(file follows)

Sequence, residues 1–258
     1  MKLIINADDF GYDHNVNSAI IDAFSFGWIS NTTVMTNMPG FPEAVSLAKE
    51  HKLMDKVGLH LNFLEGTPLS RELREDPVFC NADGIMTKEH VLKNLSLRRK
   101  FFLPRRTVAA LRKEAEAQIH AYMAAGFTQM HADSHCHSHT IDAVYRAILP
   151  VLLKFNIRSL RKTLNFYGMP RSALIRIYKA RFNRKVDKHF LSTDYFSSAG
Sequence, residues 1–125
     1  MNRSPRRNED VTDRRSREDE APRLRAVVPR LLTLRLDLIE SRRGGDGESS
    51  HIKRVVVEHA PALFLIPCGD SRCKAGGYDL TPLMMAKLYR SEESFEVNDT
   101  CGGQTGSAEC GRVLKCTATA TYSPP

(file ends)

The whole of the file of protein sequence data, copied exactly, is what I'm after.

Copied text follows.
Sequence, residues 1–258
     1  MKLIINADDF GYDHNVNSAI IDAFSFGWIS NTTVMTNMPG FPEAVSLAKE
    51  HKLMDKVGLH LNFLEGTPLS RELREDPVFC NADGIMTKEH VLKNLSLRRK
   101  FFLPRRTVAA LRKEAEAQIH AYMAAGFTQM HADSHCHSHT IDAVYRAILP
   151  VLLKFNIRSL RKTLNFYGMP RSALIRIYKA RFNRKVDKHF LSTDYFSSAG
Sequence, residues 1–125
     1  MNRSPRRNED VTDRRSREDE APRLRAVVPR LLTLRLDLIE SRRGGDGESS
    51  HIKRVVVEHA PALFLIPCGD SRCKAGGYDL TPLMMAKLYR SEESFEVNDT
   101  CGGQTGSAEC GRVLKCTATA TYSPP